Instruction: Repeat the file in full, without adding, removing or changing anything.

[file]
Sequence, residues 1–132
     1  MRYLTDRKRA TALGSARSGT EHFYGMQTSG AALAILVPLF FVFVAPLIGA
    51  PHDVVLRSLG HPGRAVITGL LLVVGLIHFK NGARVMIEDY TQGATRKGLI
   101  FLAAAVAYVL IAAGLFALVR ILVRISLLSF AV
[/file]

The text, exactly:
Sequence, residues 1–132
     1  MRYLTDRKRA TALGSARSGT EHFYGMQTSG AALAILVPLF FVFVAPLIGA
    51  PHDVVLRSLG HPGRAVITGL LLVVGLIHFK NGARVMIEDY TQGATRKGLI
   101  FLAAAVAYVL IAAGLFALVR ILVRISLLSF AV